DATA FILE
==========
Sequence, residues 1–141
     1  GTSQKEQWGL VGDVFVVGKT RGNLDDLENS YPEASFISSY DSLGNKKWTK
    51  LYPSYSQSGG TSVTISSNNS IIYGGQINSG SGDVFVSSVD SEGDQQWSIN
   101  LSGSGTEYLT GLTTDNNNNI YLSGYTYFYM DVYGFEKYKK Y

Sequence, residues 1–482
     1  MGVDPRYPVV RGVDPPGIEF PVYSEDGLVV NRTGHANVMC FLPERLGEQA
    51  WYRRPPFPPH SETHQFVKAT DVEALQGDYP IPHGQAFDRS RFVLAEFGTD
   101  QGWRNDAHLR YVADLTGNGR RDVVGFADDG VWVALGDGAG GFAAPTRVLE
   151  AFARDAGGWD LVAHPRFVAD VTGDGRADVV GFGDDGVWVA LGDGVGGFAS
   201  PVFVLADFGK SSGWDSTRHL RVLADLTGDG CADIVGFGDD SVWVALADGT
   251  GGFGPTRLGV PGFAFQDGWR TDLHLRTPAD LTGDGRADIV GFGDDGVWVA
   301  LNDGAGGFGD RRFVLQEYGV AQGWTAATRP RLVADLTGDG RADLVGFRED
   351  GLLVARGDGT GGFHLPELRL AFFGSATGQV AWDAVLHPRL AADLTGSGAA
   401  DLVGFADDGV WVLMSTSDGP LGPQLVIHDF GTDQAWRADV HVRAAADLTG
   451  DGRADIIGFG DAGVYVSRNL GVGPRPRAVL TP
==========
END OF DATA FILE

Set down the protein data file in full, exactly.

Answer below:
Sequence, residues 1–141
     1  GTSQKEQWGL VGDVFVVGKT RGNLDDLENS YPEASFISSY DSLGNKKWTK
    51  LYPSYSQSGG TSVTISSNNS IIYGGQINSG SGDVFVSSVD SEGDQQWSIN
   101  LSGSGTEYLT GLTTDNNNNI YLSGYTYFYM DVYGFEKYKK Y

Sequence, residues 1–482
     1  MGVDPRYPVV RGVDPPGIEF PVYSEDGLVV NRTGHANVMC FLPERLGEQA
    51  WYRRPPFPPH SETHQFVKAT DVEALQGDYP IPHGQAFDRS RFVLAEFGTD
   101  QGWRNDAHLR YVADLTGNGR RDVVGFADDG VWVALGDGAG GFAAPTRVLE
   151  AFARDAGGWD LVAHPRFVAD VTGDGRADVV GFGDDGVWVA LGDGVGGFAS
   201  PVFVLADFGK SSGWDSTRHL RVLADLTGDG CADIVGFGDD SVWVALADGT
   251  GGFGPTRLGV PGFAFQDGWR TDLHLRTPAD LTGDGRADIV GFGDDGVWVA
   301  LNDGAGGFGD RRFVLQEYGV AQGWTAATRP RLVADLTGDG RADLVGFRED
   351  GLLVARGDGT GGFHLPELRL AFFGSATGQV AWDAVLHPRL AADLTGSGAA
   401  DLVGFADDGV WVLMSTSDGP LGPQLVIHDF GTDQAWRADV HVRAAADLTG
   451  DGRADIIGFG DAGVYVSRNL GVGPRPRAVL TP